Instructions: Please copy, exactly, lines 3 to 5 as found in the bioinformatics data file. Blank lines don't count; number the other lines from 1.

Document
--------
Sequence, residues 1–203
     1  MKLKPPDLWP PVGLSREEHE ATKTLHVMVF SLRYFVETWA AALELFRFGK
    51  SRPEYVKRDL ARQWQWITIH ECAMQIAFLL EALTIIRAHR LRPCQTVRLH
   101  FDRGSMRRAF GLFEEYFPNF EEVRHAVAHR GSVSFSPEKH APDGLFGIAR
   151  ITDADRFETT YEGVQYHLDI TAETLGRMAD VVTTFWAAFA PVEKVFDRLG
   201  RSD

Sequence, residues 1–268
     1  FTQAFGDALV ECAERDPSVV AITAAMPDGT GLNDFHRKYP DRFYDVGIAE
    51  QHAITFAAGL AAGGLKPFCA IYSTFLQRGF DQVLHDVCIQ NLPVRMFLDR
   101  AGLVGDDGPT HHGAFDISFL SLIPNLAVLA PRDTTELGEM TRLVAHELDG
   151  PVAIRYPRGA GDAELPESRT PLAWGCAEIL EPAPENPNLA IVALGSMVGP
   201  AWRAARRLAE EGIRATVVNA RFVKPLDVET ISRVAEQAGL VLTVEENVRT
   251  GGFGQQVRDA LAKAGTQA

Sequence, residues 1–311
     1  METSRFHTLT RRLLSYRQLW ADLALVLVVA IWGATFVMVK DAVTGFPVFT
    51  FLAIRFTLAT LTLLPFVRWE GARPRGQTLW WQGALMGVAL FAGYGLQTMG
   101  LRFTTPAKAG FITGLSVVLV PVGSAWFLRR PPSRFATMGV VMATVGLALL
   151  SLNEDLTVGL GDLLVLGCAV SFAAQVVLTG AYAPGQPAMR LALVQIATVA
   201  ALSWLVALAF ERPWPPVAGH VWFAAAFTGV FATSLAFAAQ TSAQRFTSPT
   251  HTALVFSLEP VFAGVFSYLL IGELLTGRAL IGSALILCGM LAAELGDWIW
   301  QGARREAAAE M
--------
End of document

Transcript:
    51  SRPEYVKRDL ARQWQWITIH ECAMQIAFLL EALTIIRAHR LRPCQTVRLH
   101  FDRGSMRRAF GLFEEYFPNF EEVRHAVAHR GSVSFSPEKH APDGLFGIAR
   151  ITDADRFETT YEGVQYHLDI TAETLGRMAD VVTTFWAAFA PVEKVFDRLG